Tinker Tailor

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Margaret Mead believed that one of the best ways to understand a culture is to observe how it goes about work. For twenty-three years I accompanied Mead as her photographer, documenting the societies she studied. I still like to photograph people working, and at flea markets and antiques fairs I find myself drawn to old photographs that proclaim their subjects’ occupations. Of these the least valuable in the marketplace are tintypes like the ones shown here: since millions of tintypes survive, of which perhaps one percent are occupationals, they are of little interest to most collectors. But because of their number and their very nature, tintypes may offer the best portrait we have of working-class America in the nineteenth century.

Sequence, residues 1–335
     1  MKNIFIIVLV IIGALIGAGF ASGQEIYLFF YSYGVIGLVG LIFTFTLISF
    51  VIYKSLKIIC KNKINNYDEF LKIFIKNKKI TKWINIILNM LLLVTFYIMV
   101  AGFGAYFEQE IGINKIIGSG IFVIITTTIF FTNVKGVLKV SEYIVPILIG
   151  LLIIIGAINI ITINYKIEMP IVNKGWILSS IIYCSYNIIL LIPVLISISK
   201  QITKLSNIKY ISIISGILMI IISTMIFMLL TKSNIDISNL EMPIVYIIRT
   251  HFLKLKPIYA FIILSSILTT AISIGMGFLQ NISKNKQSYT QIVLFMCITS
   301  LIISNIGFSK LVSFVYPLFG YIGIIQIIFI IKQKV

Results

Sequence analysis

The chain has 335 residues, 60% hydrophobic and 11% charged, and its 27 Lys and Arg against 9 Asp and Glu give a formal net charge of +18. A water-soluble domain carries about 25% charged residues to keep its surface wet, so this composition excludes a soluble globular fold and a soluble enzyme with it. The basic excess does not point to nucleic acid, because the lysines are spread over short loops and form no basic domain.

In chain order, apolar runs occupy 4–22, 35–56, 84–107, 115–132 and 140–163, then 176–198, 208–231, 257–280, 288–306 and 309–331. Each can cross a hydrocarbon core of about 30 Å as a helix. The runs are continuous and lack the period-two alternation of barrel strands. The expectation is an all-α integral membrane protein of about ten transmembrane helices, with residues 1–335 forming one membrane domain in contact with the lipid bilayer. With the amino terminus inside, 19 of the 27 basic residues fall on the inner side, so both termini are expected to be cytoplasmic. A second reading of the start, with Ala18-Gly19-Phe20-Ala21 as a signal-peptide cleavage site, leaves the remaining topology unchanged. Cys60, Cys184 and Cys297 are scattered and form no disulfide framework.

In 1856, seventeen years after Louis Daguerre in France and William Henry Fox Talbot in England announced the first practical methods of making photographs, an Ohio professor named H. L. Smith announced his own process. Exposing a thin sheet of iron coated with collodion to light in a camera, he made a positive image he called a ferrotype, or tintype. Tintypes never caught on in Europe, and even here established studio photographers preferred the results they could achieve with daguerreotypes and ambrotypes to the somewhat dull finish produced by Smith’s technique. But tintypes were sturdy and cheap—a 2’/2-by-3’/2-inch picture cost about a quarter—and during the 1860s and 1870s itinerant photographers worked the countryside making pictures of soldiers and sweethearts and the occasional laborer holding the tools of his trade.

The tintypes on these pages offer us an uncommon record of common people. Here with their tools—and clearly proud of their skill with them—are those who, a century and more ago, leveled the grades and raised the walls and cut the roadways and, for five bucks a week, built the broad, strong platform we live on today.